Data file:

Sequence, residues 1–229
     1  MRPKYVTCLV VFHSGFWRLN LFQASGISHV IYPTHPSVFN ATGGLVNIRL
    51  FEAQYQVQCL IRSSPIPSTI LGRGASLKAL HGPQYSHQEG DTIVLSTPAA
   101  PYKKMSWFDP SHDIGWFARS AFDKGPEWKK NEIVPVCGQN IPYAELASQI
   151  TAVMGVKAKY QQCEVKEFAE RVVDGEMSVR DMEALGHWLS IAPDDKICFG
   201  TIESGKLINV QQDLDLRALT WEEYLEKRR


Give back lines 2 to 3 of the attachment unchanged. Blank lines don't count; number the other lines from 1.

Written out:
     1  MRPKYVTCLV VFHSGFWRLN LFQASGISHV IYPTHPSVFN ATGGLVNIRL
    51  FEAQYQVQCL IRSSPIPSTI LGRGASLKAL HGPQYSHQEG DTIVLSTPAA